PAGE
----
One-to-one initiatives require a “core vision”
Leslie Wilson co-chairs the National Steering Committee of One-to-One Directors and facilitates networking and collaboration among one-to-one visionaries. As a founding member and CEO of the One-To-One Institute based in Lansing, Mich., she created and implemented model programs and services based on Michigan’s Freedom to Learn Program.
While leading Michigan’s one-to-one teaching and learning initiative, Leslie recruited McREL to facilitate technology training for the state and Leading for Technology staff. We are reposting her blog as a resource for schools, districts, and states that are implementing or considering one-to-one initiatives.
You've Got 'Tablets' and Now You're 1:1? Really?
By Leslie Wilson
More and more districts are acquiring ‘tablets and saying ‘we are now 1:1’. I always ask what that means. What is 1:1? The definitions are many as districts glom on to sexy, inexpensive, long-life battery, lightweight devices instead of foundational, robust, multi-tasking, creativity devices (which also by the way, are lightweight, have long-life batteries, etc., etc.). One-to-One Institute’s work amplifies the message that a quality, student-centered 1:1 employment is complex, transformative work. The focus points are teaching and learning and not hardware, software, and apps. A shared vision, strategic project plan and leader must accompany the program from its embryonic inception. What are the goals? How will they affect the current culture and expectations? What kind of messaging, practices and policies need to accompany this effort?
To transform teaching and learning to a student centered, personalized instructional setting, there are key components—project plan elements—that have to be addressed to be successful. Leaders need to know, understand and guide the ‘change’ process. A 360 degree professional learning program must be embedded for all stakeholders. Teachers who will need to change their practices from adult-centered, static systems to student driven, experiential operations require time, guidance and learning communities to ensure the shift of practice. And overarching policies must direct the practices.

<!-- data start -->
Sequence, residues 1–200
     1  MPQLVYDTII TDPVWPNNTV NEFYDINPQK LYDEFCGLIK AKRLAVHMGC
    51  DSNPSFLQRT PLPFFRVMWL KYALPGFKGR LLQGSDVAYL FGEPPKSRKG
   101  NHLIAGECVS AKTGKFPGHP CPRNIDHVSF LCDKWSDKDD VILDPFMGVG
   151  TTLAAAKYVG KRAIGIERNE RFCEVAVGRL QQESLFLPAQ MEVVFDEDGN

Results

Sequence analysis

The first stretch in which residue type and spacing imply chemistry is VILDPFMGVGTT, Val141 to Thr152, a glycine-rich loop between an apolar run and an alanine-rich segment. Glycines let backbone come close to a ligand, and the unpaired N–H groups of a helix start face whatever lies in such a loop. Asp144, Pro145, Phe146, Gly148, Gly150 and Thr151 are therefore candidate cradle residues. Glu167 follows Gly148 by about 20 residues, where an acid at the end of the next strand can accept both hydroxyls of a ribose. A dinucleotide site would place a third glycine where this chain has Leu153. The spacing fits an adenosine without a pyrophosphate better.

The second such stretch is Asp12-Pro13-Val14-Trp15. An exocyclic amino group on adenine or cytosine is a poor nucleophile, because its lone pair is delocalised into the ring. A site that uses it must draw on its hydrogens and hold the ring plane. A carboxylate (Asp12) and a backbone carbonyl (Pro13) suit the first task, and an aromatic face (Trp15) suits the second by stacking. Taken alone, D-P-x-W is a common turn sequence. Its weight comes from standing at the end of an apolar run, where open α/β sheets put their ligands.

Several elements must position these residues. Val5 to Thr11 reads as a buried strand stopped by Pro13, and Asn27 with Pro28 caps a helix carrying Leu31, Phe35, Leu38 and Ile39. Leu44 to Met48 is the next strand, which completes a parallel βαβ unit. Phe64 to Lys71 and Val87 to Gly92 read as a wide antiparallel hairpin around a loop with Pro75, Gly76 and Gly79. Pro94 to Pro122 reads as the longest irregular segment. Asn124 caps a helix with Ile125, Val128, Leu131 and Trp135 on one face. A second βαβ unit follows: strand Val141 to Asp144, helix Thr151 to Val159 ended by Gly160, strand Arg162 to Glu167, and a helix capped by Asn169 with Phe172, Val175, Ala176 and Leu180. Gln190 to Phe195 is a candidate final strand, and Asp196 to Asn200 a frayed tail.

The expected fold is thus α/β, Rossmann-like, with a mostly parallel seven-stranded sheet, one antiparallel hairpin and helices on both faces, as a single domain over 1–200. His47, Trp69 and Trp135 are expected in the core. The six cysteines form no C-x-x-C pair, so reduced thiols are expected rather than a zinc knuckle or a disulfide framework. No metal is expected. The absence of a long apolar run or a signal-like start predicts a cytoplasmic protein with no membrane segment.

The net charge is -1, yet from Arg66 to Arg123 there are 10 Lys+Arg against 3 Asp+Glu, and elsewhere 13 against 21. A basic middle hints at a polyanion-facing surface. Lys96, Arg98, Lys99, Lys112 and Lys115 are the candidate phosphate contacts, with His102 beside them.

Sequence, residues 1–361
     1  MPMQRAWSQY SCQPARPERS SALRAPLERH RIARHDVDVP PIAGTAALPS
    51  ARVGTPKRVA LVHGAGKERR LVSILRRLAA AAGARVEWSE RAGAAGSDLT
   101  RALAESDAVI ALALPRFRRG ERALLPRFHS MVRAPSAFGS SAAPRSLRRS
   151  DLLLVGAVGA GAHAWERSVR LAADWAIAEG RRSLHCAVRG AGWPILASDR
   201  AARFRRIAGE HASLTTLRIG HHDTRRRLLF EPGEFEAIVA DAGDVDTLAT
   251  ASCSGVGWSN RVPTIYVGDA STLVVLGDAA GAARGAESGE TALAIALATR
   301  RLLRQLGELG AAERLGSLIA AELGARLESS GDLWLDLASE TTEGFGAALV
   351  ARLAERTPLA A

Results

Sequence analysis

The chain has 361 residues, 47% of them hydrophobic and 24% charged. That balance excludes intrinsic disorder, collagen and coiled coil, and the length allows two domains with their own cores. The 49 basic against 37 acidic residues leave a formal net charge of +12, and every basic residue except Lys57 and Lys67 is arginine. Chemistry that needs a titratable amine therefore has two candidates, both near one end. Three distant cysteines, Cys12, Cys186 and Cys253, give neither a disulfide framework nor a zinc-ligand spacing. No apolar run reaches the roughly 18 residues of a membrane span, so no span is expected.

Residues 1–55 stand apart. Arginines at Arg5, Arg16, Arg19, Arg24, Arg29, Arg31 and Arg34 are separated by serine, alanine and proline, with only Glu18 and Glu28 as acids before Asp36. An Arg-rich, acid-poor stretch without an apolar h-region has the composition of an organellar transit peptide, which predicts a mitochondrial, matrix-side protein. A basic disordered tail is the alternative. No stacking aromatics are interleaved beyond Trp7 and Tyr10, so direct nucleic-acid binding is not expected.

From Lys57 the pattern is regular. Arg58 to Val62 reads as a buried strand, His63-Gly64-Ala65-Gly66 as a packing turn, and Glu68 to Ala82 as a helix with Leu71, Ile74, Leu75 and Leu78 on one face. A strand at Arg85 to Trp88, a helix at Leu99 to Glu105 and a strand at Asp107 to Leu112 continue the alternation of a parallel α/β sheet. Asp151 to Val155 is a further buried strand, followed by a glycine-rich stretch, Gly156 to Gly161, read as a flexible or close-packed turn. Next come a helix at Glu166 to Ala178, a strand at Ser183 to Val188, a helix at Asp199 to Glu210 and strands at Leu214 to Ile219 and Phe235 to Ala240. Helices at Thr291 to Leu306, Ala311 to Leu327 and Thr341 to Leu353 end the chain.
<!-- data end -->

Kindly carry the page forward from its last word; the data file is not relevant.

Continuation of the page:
Human and funding capacities are also of primary importance. How will we acquire and deploy devices? Maintain/repair them? Refresh them? Scale out our program? What about battery replacement? Yes, even the ‘tablets’ have batteries that die. Do we buy a new one for $100 (1/3 or ¼ cost of a new tablet) or do we have a plan for replacing all of them in 18-24 months? Do we lease or purchase? What in-house funds can we reallocate to this program (if it is a priority)? What do administrators, teachers, parents/guardians, etc., need to know and do differently in this changed state?
At a time when school funding is in crisis, stakeholders need to understand ‘why’ their schools are investing in technologies when staff is being laid off and programs being set aside. Calling on and sharing research and best practices will be crucial to district’s messaging. If tablets are the chosen devices, a district must be prepared to provide technologies for students to create, multi-task, store and produce robust results/activities in addition to what they will do on the limited functionality tablets…and they need to honestly share this need and solutions to provide additional device support.
There is a much bigger picture and quality impact on education with authentic one-to-one implementations. It has to be about core vision, beliefs and strategies that complement what’s needed for learning and producing in the 21st century. It is not as simple as buying a cool tool. We can all have cool tools and have the same old, same old education system resulting in the same old, same old results.
Leslie Wilson, CEO One-to-One Institute Read more of her blog.